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ORIGINAL ARTICLE
Year : 2021  |  Volume : 65  |  Issue : 3  |  Page : 275-279

What and how much do the community health officers and auxiliary nurse midwives do in health and wellness centres in a block in Punjab? A time-motion study


1 Project Coordinator, Department of Community Medicine and School of Public Health, Postgraduate Institute of Medical Education and Research, Chandigarh, India
2 Field Coordinator, Department of Community Medicine and School of Public Health, Postgraduate Institute of Medical Education and Research, Chandigarh, India
3 Additional Professor, Department of Community Medicine and School of Public Health, Postgraduate Institute of Medical Education and Research, Chandigarh, India
4 Lead Consultant (Health and Wellness Centres), Department of Health and Family Welfare, National Health Mission, Punjab, India
5 Economic Evaluation Specialist, Department of Community Medicine and School of Public Health, Postgraduate Institute of Medical Education and Research, Chandigarh, India
6 Professor, Department of Community Medicine and School of Public Health, Postgraduate Institute of Medical Education and Research, Chandigarh, India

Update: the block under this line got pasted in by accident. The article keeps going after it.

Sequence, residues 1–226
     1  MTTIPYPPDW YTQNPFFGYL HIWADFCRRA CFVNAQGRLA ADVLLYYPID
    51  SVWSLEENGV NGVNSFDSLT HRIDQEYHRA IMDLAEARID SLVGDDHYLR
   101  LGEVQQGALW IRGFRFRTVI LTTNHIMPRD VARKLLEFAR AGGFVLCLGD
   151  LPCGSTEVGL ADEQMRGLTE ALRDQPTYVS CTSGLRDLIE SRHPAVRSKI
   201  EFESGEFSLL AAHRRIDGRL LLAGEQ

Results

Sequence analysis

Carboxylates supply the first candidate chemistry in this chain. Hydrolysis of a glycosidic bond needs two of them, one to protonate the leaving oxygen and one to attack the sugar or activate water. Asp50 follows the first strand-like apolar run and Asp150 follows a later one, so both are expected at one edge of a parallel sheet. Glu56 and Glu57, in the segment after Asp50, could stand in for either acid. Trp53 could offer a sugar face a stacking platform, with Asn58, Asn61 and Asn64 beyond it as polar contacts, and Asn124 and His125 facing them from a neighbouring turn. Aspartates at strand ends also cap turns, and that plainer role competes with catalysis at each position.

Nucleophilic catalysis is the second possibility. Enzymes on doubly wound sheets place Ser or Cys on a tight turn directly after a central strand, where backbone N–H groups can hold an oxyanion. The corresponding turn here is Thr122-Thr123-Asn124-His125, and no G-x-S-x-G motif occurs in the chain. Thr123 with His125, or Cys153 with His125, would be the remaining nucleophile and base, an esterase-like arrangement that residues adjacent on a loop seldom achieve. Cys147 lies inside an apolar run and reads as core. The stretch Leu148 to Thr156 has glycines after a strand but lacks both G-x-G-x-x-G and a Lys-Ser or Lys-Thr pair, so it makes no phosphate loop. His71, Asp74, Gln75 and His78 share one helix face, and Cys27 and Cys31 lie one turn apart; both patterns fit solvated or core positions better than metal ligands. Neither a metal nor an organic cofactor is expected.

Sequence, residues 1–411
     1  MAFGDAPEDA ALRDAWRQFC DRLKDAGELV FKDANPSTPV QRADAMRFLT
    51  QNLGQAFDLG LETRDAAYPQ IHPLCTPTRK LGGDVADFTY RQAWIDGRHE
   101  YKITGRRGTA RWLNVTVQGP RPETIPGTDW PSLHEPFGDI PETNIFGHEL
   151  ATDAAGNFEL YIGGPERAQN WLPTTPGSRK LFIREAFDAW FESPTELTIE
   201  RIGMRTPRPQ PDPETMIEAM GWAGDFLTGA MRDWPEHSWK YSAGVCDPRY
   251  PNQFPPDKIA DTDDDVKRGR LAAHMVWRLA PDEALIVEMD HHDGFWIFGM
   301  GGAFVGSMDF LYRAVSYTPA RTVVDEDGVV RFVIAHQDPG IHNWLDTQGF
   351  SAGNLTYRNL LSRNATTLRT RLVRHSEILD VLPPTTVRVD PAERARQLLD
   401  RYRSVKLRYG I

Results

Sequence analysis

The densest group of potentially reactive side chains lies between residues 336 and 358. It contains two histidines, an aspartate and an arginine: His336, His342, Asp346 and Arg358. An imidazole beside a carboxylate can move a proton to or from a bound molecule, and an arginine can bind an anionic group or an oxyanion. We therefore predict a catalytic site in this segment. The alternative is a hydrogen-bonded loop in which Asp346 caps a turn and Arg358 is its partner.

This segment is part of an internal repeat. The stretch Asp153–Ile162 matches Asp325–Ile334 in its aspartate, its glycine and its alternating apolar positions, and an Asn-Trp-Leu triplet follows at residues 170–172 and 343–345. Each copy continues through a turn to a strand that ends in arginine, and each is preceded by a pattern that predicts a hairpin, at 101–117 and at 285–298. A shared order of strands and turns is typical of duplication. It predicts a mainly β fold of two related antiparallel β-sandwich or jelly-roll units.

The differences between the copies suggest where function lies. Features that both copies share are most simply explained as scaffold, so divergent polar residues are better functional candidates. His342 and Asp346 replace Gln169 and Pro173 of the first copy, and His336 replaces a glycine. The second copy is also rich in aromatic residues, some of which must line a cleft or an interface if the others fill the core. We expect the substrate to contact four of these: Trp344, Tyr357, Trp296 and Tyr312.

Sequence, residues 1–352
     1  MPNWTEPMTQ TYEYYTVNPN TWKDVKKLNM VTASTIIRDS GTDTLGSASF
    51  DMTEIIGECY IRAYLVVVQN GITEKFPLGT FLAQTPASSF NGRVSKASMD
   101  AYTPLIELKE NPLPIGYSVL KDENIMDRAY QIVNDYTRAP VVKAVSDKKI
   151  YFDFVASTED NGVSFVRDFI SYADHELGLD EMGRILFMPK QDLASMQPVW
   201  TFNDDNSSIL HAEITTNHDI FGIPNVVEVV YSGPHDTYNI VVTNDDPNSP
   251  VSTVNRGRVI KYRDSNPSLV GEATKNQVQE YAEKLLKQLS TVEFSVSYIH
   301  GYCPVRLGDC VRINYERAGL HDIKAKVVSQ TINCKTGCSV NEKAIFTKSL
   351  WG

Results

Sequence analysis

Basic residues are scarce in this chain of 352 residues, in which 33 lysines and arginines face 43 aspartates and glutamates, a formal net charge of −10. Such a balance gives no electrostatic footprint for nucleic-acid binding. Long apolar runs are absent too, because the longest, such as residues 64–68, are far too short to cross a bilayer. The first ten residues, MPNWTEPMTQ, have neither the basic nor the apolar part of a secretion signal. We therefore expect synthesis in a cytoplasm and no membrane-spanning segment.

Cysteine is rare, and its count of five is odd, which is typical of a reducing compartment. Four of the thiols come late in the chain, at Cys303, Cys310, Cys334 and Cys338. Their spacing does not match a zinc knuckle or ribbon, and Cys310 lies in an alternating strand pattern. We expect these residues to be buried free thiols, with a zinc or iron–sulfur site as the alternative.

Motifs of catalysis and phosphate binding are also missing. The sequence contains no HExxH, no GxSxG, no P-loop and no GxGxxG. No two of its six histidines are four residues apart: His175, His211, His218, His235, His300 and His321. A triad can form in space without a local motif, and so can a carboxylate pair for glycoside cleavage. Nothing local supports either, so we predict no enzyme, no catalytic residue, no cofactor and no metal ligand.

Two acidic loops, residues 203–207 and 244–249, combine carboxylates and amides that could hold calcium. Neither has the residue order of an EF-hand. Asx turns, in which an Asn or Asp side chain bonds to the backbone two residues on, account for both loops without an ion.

Correspondence Address:
Shankar Prinja
Postgraduate Institute of Medical Education and Research, Chandigarh
India
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Source of Support: None, Conflict of Interest: None


DOI: 10.4103/ijph.IJPH_1489_20

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Background: The Government of India introduced a new cadre of Community Health Officers (CHOs) in the primary health-care system through the Ayushman Bharat Health and Wellness Centres (HWCs) program. Objectives: The study aimed to assess the activities performed and time spent by the existing and new primary health-care team members at the HWC level. Methods: A time and motion study was undertaken in four HWCs in Punjab over a period of 3 months, to assess the time spent by auxiliary nurse midwives (ANMs) and CHOs on different services and activities. Data were collected through direct continuous observation of four CHOs and four ANMs during working hours for a period of 6 consecutive days of a week, along with structured time allocation interviews of all participants. Results: The CHOs spent 5.7 (5.6–5.9) hours per day on duty of which 57% was productively involved in service delivery. The average time spent by ANMs was 4.9 (4.5–5.3) hours per day, with nearly 62% productive time. While the CHOs spent nearly 40% of their time on services for non-communicable diseases (NCDs), the ANMs spent 51% of their time on maternal, infant, child, and adolescent health services. Conclusion: The introduction of HWCs and CHOs has nudged the health system toward comprehensive primary health care by placing a renewed emphasis on NCDs. The study provides useful evidence for staff, program implementers, and policymakers, to aid informed decision-making for human resource management.


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